Who to tip and how much
This guide offers a go-by of traditionally accepted tipping standards, but you should feel free to vary your tipping if exceptional service is provided!
- Luggage porters (airport, train): $1-$2 per bag. If the bags are quite heavy, numerous or the porter carries them for you, then $2 per bag is the minimum tip.
- Hotel staff (bellhops, doormen): $1 per bag.
- Hotel concierge: $5-$10 per service (more for exceptional service, such as obtaining hard-to-get tickets or restaurant reservations). No tip is required if you simply ask for directions or hotel information.
- Hotel maid: $2-$5 per night.
- Drivers (taxi, shuttles, car service): 15% of the total fare.
- Food (in-restaurant, take-out, delivery): 15%-20% of the total bill with a $2 minimum (depending on the complexity of the order).
- Parking (valets): $1-$3 unless there’s a set price per vehicle stated.
- Coatroom staff: $1 per coat.
- Washroom attendant: $.50-$1 per visit.
- Salon staff (hair, nails, wax, massage, tattoo artists): 10%-20% of the service fee. The more complex the service, the closer you should get to the 20% mark.
- Salon support staff (hair washer, shaver): $1-$2.
- Car detailing: $1-$3 per vehicle (more for challenging or especially dirty vehicles).
- Pet groomers (dogs, cats): 15% of the total fee.
- Movers: no tip required; can tip for exceptional service if you wish.
- Towers and emergency vehicle responders: no tip required per AAA.
- Delivery personnel (furniture, appliances, flowers, gifts): no tip required; can tip for exceptional service or special occasions (for instance, some people like to tip delivery personnel who bring them flowers).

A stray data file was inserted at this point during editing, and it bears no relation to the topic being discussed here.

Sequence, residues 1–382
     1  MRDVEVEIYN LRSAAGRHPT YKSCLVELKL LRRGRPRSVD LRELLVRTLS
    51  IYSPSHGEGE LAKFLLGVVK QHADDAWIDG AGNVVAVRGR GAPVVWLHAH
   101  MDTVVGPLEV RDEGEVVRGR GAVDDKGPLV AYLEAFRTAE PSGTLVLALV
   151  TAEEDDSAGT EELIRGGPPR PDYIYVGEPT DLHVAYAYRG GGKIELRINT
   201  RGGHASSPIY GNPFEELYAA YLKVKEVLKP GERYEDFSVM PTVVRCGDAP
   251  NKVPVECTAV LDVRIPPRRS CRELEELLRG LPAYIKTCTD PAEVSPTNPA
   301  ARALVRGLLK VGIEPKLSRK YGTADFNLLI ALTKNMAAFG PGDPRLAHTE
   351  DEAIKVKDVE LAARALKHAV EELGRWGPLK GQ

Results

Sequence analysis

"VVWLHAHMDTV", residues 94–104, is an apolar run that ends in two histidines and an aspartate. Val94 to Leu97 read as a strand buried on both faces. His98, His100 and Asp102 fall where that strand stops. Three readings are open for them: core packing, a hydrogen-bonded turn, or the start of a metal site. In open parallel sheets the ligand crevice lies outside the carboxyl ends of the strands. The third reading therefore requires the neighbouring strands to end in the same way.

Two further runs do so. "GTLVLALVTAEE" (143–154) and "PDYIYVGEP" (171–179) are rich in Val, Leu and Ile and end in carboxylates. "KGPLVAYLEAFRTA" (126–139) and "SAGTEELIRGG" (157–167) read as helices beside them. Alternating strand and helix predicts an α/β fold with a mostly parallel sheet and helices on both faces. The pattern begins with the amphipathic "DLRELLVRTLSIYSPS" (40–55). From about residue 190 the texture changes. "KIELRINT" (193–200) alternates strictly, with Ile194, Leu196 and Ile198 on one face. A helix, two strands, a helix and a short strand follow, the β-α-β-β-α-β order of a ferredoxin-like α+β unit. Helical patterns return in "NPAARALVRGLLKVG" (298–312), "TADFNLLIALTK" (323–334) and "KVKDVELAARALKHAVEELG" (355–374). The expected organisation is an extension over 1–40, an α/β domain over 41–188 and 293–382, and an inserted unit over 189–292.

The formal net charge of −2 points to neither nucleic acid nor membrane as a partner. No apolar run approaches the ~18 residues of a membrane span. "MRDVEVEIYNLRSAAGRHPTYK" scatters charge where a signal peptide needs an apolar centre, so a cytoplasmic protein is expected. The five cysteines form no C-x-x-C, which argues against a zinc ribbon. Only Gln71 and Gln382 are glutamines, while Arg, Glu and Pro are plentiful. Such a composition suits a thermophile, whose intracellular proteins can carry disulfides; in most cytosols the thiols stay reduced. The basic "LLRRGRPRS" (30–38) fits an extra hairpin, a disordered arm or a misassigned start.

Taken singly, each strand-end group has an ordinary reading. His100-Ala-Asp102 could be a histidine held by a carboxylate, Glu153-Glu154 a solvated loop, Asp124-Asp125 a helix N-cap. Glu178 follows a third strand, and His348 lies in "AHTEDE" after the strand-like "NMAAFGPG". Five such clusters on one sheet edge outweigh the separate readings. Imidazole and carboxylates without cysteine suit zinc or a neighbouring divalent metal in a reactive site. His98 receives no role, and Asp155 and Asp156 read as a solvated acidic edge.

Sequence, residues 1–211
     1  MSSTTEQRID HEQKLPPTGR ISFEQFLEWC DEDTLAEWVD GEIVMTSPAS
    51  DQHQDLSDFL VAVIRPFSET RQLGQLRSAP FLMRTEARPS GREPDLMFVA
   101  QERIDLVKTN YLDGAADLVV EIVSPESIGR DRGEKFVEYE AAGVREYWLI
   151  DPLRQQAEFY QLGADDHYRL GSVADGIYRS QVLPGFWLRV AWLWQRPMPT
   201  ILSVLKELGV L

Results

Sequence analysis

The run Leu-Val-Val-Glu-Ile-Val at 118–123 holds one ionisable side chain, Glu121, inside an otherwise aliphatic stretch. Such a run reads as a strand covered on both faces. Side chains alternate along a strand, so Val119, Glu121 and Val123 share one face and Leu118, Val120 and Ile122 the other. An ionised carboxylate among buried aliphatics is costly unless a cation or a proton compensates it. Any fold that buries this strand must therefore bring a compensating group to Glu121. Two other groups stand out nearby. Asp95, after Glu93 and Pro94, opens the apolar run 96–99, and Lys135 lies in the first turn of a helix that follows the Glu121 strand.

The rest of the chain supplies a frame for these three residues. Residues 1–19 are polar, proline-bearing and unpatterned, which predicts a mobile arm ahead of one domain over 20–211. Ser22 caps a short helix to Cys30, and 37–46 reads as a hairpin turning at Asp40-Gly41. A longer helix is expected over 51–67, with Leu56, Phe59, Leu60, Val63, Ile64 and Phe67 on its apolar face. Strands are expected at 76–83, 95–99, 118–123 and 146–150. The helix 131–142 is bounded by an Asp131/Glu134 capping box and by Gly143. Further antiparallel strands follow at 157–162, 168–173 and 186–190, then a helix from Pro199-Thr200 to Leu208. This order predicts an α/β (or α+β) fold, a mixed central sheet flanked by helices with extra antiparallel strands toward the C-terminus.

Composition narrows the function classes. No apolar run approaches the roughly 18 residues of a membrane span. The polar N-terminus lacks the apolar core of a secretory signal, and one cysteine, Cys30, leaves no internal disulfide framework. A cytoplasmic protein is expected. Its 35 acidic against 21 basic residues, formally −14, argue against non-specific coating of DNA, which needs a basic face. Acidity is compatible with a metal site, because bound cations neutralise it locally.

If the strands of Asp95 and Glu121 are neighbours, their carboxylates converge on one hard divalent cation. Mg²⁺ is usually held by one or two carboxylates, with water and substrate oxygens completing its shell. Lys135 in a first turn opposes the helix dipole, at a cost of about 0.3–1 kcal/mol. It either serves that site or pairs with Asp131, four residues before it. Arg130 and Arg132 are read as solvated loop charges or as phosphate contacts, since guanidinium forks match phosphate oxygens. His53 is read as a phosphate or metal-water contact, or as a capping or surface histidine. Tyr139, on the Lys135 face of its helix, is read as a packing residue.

- Coffee bar baristas and bartenders: $1-$2 per drink.
- Shoeshine attendants: $1-$2 per pair of shoes.
- In-home maid service: no tip required; holiday tipping is always appreciated.
How to calculate percentage-based tips
It’s easy to memorize tipping standards when it’s just a dollar here or five dollars there. But what about when the tipping standard is a percentage of ever-varying items? For these cases, this handy formula has often helped me—I hope it helps you too!
- First, check your bill to be sure gratuity (tip) is not already included in the total price.
- Next, note the total price of your bill AFTER tax.
- Say the total bill price is $20 (just to make the math easy). Tipping standards indicate a 10% tip as the expected minimum for nearly all percentage-based services.
- First, calculate 10% of $20.00, which is $2.00.
- If you want to tip 15%, add half of that $2.00 to your tip so now your tip is $3.00.
- If you want to tip 20%, double the $2.00 so your total tip is now $4.00.
- For more complicated bills, the same formula works if you just move the decimal point one place to the left. Here, let's say your bill is $28.35.
- So a 10% tip would be $2.84. 15% would be another $1.42, making a 15% tip $4.26. A 20% tip would come out to be $5.68.
NOTE: Be aware the following tipping guidelines only apply to service personnel working in the U.S.A.. Read this great KCL post for a guide to save money on tipping while traveling internationally.